Until recent years, mental health has been a somewhat overlooked topic, especially in the international development sector. Whether due to positive or negative experiences, we all feel pressure or tension at different points of life. But individuals in developing countries often contend with additional factors – like violence and lack of access to mental health resources and providers – which only exacerbate depression, anxiety, post-traumatic stress, and other mental health issues.
Mental health care became a personal concern after the birth of my daughter. Faced with complications during labor, a major sleep deficit and all the new mom feels, I found myself struggling with postpartum anxiety. A number of “typical” life events – such as getting married, major illness, job loss or a significant move – can trigger a mental, physical or emotional response that requires attention. At the very base level, our bodies are wired to respond to these stressors in order to survive. But what happens when your life has increased stress and hardships on a regular basis?
For individuals living in poverty, this is the reality. The struggles they grapple with on a daily basis deplete mental and physical energy. We are talking about things that many of us would consider necessities, like access to shelter, food, education, clean water and sanitation. And the constant effort to meet these basic needs feeds the cycle of poverty, which only continues to intensify as new outside stressors occur – like forced migration due to conflict or a natural disaster.
Much like poverty, mental health issues do not exist in a vacuum. And they cannot be treated in one either.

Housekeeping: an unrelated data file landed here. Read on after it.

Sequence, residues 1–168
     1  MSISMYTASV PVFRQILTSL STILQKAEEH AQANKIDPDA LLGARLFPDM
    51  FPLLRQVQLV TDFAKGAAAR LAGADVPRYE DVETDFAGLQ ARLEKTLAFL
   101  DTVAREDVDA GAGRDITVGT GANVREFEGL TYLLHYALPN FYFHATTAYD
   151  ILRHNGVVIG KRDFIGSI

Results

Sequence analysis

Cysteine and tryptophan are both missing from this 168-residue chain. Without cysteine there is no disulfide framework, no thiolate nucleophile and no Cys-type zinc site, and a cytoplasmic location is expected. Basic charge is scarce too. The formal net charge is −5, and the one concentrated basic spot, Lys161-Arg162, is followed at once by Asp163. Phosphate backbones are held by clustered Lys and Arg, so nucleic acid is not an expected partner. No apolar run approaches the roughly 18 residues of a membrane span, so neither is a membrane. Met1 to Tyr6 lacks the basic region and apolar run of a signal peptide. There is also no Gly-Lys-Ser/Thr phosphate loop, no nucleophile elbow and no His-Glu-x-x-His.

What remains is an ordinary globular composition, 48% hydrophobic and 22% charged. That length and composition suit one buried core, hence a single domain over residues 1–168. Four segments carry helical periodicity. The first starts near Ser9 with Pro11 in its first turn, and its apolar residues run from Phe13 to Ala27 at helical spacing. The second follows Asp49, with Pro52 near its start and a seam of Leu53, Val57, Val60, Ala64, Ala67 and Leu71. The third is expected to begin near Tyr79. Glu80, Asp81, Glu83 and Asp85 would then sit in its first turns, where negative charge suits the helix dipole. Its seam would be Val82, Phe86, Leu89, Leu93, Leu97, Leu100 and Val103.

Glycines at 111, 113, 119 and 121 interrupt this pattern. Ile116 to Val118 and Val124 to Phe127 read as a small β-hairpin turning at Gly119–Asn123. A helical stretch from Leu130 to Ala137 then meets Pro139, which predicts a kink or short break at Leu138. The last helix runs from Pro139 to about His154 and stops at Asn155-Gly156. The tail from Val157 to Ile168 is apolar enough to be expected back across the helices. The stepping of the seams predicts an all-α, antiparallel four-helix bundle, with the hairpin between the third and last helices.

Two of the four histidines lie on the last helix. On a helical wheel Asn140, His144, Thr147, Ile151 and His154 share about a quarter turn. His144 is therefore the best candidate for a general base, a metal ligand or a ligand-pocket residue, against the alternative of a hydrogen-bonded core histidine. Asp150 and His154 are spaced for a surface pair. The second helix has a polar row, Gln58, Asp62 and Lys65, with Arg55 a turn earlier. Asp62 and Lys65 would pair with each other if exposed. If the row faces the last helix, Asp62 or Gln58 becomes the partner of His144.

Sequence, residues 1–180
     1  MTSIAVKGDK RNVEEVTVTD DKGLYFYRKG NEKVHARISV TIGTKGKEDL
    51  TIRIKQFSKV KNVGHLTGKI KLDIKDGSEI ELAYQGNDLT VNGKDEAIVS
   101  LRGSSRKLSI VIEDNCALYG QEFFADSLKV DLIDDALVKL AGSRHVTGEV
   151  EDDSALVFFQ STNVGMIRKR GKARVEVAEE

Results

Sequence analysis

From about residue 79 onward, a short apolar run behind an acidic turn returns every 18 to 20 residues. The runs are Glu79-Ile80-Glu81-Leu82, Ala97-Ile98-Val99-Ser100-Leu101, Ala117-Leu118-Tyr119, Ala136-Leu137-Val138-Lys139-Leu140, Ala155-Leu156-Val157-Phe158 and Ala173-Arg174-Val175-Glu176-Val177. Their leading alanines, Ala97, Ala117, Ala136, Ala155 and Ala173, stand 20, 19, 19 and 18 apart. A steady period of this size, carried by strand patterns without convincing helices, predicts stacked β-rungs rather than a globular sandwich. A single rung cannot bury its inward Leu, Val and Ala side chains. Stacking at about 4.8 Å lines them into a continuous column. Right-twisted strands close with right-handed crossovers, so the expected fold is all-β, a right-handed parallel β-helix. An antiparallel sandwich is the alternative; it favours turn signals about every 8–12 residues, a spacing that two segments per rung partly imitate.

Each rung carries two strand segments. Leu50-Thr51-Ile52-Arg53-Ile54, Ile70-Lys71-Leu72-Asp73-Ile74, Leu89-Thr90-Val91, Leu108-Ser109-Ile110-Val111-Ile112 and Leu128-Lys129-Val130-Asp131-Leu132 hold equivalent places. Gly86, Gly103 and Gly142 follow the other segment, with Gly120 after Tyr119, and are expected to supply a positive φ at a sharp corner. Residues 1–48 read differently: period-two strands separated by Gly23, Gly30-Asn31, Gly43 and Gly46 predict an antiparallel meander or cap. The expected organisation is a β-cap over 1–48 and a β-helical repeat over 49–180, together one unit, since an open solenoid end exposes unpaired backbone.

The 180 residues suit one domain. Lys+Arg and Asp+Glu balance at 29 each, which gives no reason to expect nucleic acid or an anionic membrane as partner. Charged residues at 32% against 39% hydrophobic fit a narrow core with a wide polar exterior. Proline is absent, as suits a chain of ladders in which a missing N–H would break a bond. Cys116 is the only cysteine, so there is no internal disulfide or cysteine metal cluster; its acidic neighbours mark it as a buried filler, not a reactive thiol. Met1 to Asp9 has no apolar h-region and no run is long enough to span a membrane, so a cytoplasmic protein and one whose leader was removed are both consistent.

That’s why Children International (CI), a Global Impact’s charity partner, is tackling the issue at the source, addressing mental health issues across their programs. Their goal is to put an end to the cycle of poverty by cultivating resilience in children like Johanny Amaya, a CI sponsored child who overcame suicidal thoughts and is now a thriving educator.
“I know I am a result of my past, but that doesn’t mean I will always be a prisoner of that past.” — Johanny Amaya
One of the newer mental health initiatives Children International is applying to their programs is the Turning Point curriculum, developed by The University of Kansas Health System, CI staff and volunteers. The curriculum incorporates ten components to help increase resilience behaviors, including calming and caring for oneself, staying optimistic, and seeking out social support. Turning Point was first tested in 2017, and in 2018, it was rolled out to more than 2,000 children in both Mexico and India.
Although CI teaches all ten facets of resilience, the pilot programs in Mexico and India focused on measuring the impact of self-care, identifying emotions and self-calming techniques. The staff, children and caregivers all reported positive results.
“Without question, even after a relatively short period of time, we’ve seen that the resilience program is improving the mental health of our children and youth,” said Susana Eshleman, president and CEO of Children International. “Better mental health is key because we know it’s easier for mentally healthy kids living in poverty to pursue education, feel empowered, become employed and break the cycle of poverty.”
We are so grateful to organizations like Children International who are prioritizing mental health in their programming, working to bring mental health support to communities in need, end the stigmas and heal the invisible wounds that are just as important as the physical.